The benefits of Marine Isolation Transformers.

Running generators in marinas is noisy and pollutes the air. Hooking up to shore power is convenient and ecologically correct but unfortunately also the cause of numerous serious accidents and incidents.

  • Fatal electric shocks to persons and pets on board and in the water around the boat caused by ground fault leakage due to faulty installation or defective cables and equipment.
  • Electrical fires, mostly caused by ground fault stray currents, including ignition of fuel vapors or hydrogen leaking from batteries.
  • Corrosion of propellers and other metal parts due to DC currents returning to earth via the green safety conductor in the shore cable, in worst cases holing steel- or aluminum hulls.
  • Nuisance tripping of the GFI circuit breaker in the pedestal, especially since 2017 when NEC lowered the ground fault limit from 100mA to 30mA.

National electric systems worldwide utilize earth ground so any fault current must travel back to its source through earth driven by the difference in potential. The voltage differential is rarely life threatening on land, but on water a local difference in voltage between metal parts on the boat and earth ground may be fatal. A related hazard is faulty polarization by installers mistakenly swappingneutral and hot conductors. – Since the amount of fault current passing through a person is proportional to the voltage, in most foreign countries the risk of fatal electrical shock is much higher due to 230/400V AC distribution systems, virtually doubling the importance of safety precautions in Europe as compared to North America.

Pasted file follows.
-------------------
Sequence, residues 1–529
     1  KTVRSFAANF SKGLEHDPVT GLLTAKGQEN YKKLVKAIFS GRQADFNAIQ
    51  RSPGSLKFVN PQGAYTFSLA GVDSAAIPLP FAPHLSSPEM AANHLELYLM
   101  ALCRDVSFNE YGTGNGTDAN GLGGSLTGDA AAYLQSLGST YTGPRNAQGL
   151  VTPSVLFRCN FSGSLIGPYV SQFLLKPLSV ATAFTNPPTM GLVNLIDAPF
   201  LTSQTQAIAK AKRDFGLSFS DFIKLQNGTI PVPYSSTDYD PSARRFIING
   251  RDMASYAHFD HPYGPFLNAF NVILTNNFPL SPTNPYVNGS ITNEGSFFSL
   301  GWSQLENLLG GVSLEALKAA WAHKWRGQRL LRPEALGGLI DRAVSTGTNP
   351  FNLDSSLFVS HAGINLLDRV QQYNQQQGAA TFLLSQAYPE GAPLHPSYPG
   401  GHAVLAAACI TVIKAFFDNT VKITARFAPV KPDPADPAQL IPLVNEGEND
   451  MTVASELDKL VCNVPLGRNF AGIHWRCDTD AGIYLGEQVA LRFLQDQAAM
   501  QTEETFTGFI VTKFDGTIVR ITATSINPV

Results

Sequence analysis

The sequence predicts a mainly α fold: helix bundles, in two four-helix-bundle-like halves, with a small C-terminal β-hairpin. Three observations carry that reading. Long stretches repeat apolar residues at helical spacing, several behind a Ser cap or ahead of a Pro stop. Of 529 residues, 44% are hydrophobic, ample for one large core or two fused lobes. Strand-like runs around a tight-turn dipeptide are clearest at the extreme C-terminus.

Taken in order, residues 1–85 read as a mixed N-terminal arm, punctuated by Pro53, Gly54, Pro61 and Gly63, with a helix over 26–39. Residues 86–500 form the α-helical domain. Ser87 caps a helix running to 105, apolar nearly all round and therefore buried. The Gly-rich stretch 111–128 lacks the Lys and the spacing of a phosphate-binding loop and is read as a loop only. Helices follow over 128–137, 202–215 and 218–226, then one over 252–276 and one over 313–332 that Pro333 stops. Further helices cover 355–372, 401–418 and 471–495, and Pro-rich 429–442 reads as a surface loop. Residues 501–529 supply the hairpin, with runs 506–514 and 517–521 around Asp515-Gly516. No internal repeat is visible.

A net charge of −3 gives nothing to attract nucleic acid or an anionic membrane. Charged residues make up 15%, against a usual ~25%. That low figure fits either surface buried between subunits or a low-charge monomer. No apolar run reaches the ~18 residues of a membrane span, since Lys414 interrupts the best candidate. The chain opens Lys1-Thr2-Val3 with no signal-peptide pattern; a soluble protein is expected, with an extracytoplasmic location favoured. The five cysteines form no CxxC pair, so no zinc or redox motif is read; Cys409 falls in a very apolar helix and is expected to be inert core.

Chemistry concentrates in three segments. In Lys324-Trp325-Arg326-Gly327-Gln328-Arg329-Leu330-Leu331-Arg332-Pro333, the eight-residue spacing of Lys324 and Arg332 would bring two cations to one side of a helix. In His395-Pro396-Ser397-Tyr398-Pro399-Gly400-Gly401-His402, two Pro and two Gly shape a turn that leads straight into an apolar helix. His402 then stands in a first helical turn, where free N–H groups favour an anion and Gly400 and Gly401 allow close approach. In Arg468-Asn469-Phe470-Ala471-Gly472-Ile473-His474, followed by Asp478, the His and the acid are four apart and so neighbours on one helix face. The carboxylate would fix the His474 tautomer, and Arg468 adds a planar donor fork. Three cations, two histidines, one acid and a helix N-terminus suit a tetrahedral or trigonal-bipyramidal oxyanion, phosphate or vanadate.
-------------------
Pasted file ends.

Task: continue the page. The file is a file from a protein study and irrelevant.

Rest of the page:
The bottom line is that whereas universal grounding promotes personal safety on land, it can be a serious liability on a boat, and as a result owners and builders increasingly understand that the solution for eliminating or mitigating electrical incidents is an isolation transformer.